- Jon Kitna 6-2, 220 - Kitna's camp has been nothing short of stellar. He doesn't seem like a 35-year old under center, but that doesn't negate the fact that he's a 35-year old starting quarterback with a questionable line. He also might be the best quarterback in the NFC North, contingent upon what team Brett Favre is quarterbacking.
- Dan Orlovsky 6-5, 230 - He struggled but has rebounded and shows no signs of slowing down. Orlovsky doesn't have a rocket arm nor does he possess the athleticism of Kitna or Stanton, but he has a smooth touch and a solid grasp of what the team wants from a relatively simplified offense.
- Drew Stanton 6-3, 230 - Stanton is, for all intents and purposes, a rookie. But he found his athletic step in camp and has regained his throwing ability that made him a second-round pick a year ago. Considering how they each looked to begin camp, Orlovsky and Stanton have upgraded the team's depth at QB from "Kitna goes down, along with season" to " ... well, this could get interesting"
- Tatum Bell 5-11, 213 - Bell's camp has been overshadowed by the rookie with the hype (see below), but nevertheless, he's a workhorse with the same speed he had a year ago, along with priceless experience in the zone blocking offense. While he will share the load on occasion, don't look for Bell -- who is a 1,000-plus yard rusher (see: Denver) -- to go away quietly.
- Kevin Smith 6-1, 217 - For a rookie, Smith's camp has been nothing short of impressive -- and that's an understatement. He's been fun to watch, is a quick learner, and has great athletic ability. He's stronger than Bell, he can hit the outside with NFL speed, and he has vision and patience in this system to boot. He'll be the guy, it's just a matter of time.
- Brian Calhoun 5-10, 208 - He can only look on in jealousy as Smith is where he wanted to be a few years back when he was also drafted in the third-round. But injuries and misuse have clouded his young NFL career. Still, Calhoun's shiftiness appeals to what Jim Colletto wants in this offense, and he's still a talented back.
Detroit's depth at running back is
strengthened by another former third
round pick, Brian Calhoun.
(Cut: Artose Pinner: He won't be jobless for long. Strong camp, but lost in a numbers game. Aveion Cason: Didn't standout in camp at a position that absolutely required it.)
- Jon Bradley 6-1, 310 - A strong camp from a guy who is still learning the position (formerly a defensive tackle).
- Jerome Felton 6-0, 246 - The rookie has been everything Detroit expected, and the team insiders have confirmed that they will carry two fullbacks.
- Dan Campbell 6-5, 255 - Has missed camp with an elbow injury, but should return to full practice by August 10. The team knows what it's getting with this nine-year, seasoned veteran: A reliable target, but most importantly, an absolutely essential and capable blocker anywhere on the field.
- Casey FitzSimmons 6-4, 258 - Again, FitzSimmons doesn't have the flair of a Michael Gaines, but the Lions have enough in their arsenal of receivers to provide that. FitzSimmons will do what is asked, which is catch the ball and block. He has had a strong camp and will return for his sixth year.
(Cut: The Lions will only keep two tight ends, leaving Gaines, and two players whom have spent time in the honolulu blue and silver, John Owens and Sean McHugh, on the outside looking in. They kept four around last year in one form or another. From what I'm told, this is not a decision that the team is looking forward to making.)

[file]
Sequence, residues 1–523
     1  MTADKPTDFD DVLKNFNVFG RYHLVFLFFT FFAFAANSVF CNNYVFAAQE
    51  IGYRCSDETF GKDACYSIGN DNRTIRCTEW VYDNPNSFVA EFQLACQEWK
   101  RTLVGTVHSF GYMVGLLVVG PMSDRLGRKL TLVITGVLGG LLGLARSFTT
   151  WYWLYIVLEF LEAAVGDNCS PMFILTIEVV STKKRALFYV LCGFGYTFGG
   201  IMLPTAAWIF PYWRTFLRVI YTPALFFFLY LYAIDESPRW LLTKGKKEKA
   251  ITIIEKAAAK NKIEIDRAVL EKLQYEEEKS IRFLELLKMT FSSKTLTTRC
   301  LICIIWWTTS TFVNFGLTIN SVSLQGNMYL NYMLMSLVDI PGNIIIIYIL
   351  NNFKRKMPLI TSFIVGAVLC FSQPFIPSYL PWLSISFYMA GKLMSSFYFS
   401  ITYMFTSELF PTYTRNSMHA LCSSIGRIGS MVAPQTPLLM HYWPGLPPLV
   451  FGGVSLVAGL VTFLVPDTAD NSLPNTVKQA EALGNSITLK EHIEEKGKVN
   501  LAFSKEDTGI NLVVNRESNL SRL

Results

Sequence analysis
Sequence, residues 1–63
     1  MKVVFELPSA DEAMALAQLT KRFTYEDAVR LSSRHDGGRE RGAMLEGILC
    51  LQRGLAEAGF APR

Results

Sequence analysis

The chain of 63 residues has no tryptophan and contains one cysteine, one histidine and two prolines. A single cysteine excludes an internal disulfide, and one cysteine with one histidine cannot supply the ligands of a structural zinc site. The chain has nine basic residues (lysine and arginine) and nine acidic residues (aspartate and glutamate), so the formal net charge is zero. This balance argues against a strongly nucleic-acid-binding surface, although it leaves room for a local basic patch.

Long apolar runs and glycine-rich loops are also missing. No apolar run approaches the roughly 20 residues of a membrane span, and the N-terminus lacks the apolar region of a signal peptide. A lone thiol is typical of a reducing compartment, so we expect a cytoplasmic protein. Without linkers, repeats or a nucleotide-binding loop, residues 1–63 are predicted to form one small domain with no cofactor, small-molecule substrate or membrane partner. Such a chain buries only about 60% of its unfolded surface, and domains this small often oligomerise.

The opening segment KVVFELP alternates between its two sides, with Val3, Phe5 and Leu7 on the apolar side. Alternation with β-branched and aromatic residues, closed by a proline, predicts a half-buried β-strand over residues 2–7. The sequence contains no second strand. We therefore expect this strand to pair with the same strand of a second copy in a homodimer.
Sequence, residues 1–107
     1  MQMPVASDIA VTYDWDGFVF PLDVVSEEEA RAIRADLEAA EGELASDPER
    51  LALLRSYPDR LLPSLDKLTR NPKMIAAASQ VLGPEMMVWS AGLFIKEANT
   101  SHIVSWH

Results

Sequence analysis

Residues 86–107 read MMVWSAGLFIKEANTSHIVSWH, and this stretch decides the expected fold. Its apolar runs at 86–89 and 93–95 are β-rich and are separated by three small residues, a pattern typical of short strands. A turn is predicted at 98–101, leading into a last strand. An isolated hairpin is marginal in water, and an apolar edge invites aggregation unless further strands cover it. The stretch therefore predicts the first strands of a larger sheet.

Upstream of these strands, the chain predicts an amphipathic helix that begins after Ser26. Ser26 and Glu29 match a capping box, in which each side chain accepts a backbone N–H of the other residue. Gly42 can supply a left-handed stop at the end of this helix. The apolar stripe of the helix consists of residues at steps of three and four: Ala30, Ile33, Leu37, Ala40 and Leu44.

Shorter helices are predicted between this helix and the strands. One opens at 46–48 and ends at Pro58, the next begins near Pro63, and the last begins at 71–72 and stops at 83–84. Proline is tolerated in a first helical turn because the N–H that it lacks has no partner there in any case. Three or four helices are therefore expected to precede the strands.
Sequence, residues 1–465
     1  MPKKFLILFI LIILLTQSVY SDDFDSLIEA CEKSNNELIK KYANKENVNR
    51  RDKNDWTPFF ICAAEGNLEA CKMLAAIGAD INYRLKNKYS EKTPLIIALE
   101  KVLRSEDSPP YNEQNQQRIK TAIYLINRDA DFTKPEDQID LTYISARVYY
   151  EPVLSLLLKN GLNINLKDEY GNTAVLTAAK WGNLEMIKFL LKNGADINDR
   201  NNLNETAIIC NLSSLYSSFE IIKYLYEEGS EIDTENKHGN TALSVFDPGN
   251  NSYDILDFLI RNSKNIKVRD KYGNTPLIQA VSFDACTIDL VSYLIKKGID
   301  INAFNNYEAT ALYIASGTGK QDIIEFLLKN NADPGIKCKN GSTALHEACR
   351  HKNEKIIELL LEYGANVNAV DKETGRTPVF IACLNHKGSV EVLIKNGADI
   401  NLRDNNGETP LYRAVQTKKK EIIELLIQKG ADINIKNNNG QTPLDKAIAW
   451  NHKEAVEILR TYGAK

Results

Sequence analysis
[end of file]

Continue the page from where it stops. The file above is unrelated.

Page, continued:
- Roy Williams 6-3, 220 - Stud. Has used and abused Lions' defensive backs since the beginning of training camp as a preemptive strike to opponents in 2008. The interesting thing is that he almost seems to toy with the defensive backs most of the time. He cannot be covered one-on-one.
- Calvin Johnson 6-5, 235 - Read above.
- Mike Furrey 6-0, 195 - From his days in St. Louis, Furrey was always a Martz guy, thus he (along with an interesting story line) flew under the radar in camp. Still, Furrey has demonstrated his reliable hands and toughness as a slot receiver to make him a formidable third receiver.
- Shaun McDonald 5-10, 183 - McDonald will battle Furrey for field time, but it's possible that the team could go to a four-wide set on occasion. He'll rotate in and out with Furrey, even spreading to the outside if called upon. Like Furrey, he isn't relegated to just one flanker role. He's another reliable veteran and a headache for opposing defenses (admit it, you're somewhat excited to yell, "Don't run backwards!" when McDonald runs a curl route this year.)
- Devale Ellis 5-10, 174 - If he continues his camp pace (which has been nothing short of stellar), Ellis will actually see the field in 2008. He has proven that he belongs with Detroit's bread-and-butter receiving core., but let's wait to see if he can carry that into the preseason. Here's betting that he will. Expect him to also double as the team's primary return man.
Roy Williams and Calvin Johnson again
star in Detroit's offense.
(Cut: John Standeford, Ron Bellamy, Kenneth Moore, Taye Biddle, Brandon Middleton. Moore was a late-round pick, but hasn't showed much flash in training camp. Middleton held a roster spot last year, but would require two things to beat out Ellis: An amazing pre-season, and Ellis falling flat on his face. Don't expect either to happen.)
- LT Jeff Backus 6-5, 305, Jonathan Scott 6-6, 318 (Reserve)
- LG Edwin Mulitalo 6-3, 345, Frank Davis 6-3, 325 (Reserve)
- C Dominic Raiola 6-1, 295
- RG Stephen Peterman 6-4, 323, Manny Ramirez 6-3, 335 (Reserve)
- RT George Foster 6-5, 338, Gosder Cherilus 6-7, 319 (Reserve)
Offensive coordinator Jim Colletto's
o-line needs to move in 2008.
(Cut: Carroll Madison, Andy McCollum, Nick Jones, Corey Hulsey. No one notable in this list.)
Remaining: 29 (Defense and Special Teams remaining)